Local option passes

Voters grant 5 more years of school levy
by: Rebecca Mayer, School board chair Deborah Lopardo, levy campaign chair Teri Oelrich and superintendent Bill Korach celebrated when they heard the first report from Clackamas County of 56 percent of voters in favor of the levy.

Lake Oswego School District officials and volunteers celebrated on Tuesday night when the first results reported the approval of the renewal on the local option levy.

In Clackamas County, where the majority of school district voters live, the levy had 57 percent approval with 11,896 voting yes and 9,011 voting no. Multnomah County reported 75 yes votes, and 51 no votes, while in Washington County, 41 voted yes and 55 voted no.

'In an economic downturn, we need this for our kids,' said Teri Oelrich, campaign chair. 'It's so important for the community.'

The district asked voters for $1.39 per $1,000 of assessed property value - the same rate it's been receiving since 2000, which was the first fiscal year school districts had the authority to ask for five-year levies for general fund money. The last levy passed in November 2004 with 53 percent of voters in favor.

An owner of a $300,000 home will be paying about $417 per year ($35 per month).

The levy is one piece that will give more security to the district through 2015.

'We're going to head into some tough times,' said school Superintendent Bill Korach. 'It's going to be that one difference maker that will allow us to stay stable even though we'll have to tighten up.'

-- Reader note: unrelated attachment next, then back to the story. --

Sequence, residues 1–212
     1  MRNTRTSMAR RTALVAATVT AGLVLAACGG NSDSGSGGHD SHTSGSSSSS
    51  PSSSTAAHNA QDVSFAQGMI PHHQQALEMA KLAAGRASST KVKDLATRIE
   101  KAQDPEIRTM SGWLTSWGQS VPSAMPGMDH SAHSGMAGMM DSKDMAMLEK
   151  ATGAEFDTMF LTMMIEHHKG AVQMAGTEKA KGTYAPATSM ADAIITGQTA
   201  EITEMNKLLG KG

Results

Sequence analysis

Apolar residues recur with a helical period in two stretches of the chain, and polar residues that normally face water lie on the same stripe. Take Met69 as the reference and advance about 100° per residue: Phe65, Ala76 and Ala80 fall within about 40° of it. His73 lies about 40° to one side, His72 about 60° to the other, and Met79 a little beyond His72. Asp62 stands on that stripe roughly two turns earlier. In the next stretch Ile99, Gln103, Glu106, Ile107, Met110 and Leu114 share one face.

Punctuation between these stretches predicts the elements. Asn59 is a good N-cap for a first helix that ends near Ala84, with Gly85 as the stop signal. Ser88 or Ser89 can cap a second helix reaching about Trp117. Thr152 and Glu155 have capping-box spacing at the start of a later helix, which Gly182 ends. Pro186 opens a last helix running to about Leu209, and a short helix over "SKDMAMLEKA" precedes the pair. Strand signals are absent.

The levy brings in about 12 percent of the district's budget. This year it amounts to $6.8 million in the district's accounts for the 2008-2009 year.

The standard cost of educating a Lake Oswego student is $8,689; the state has provided about $7,112. The rest is supported by the levy and other local sources such as the Lake Oswego School Foundation.

Korach started the discussion about budget cuts at this week's board meeting saying he anticipated cuts to state funding, as well as a reduced amount of foundation dollars. He presented the board with documents that showed the district's response to the loss of local funding through Measure 5 in 1990.

'We're a heck of a lot stronger than we were in 1990,' said Korach. 'But it won't be as easy as it was the first time.'

Look through the document, Korach said, but 'we've already done most of this stuff.'

When Ballot Measure 5 limited the amount of money a school district could levy, the district took a hit that eventually led to an $80,000 reduction to the 1996-1997 budget.

The 1999 levy passed with a double majority during a spring election. It allowed the district to add back resources after the '90s slump. But it only lessened the pain, lightening the burden of the economic downturn after 9/11.

In 2002, the district was forced to cut 25.5 teaching positions, and without the levy it would have been much worse.

Last year was the first year the district added back again with the help of the levy and the foundation.

'This time we really felt good about it until the market fell,' said School Board Chair Deb Lopardo.

Even with the levy, Korach believe in planning for the worst-case scenario, and that might mean downsizing. The district's staffing currently comprises 72 percent of its budget. The district employs about 400 teachers.

'We always prepare for the worst case and then work to make sure this doesn't happen,' said Korach.

Beginning in 2010, voters will see a decrease on their property taxes even with the renewed levy.

The district will retire a debt in June 2010 - currently 27 cents per $1,000 of assessed value - from the 1990 Oak Creek Elementary School construction.

Otherwise - in addition to the levy - homeowners are still paying taxes for a 2000 facilities bond that paid for construction of Lake Oswego High School and improvements at Lakeridge High School as well as the permanent tax rate as set by Oregon Measures 5 and 50.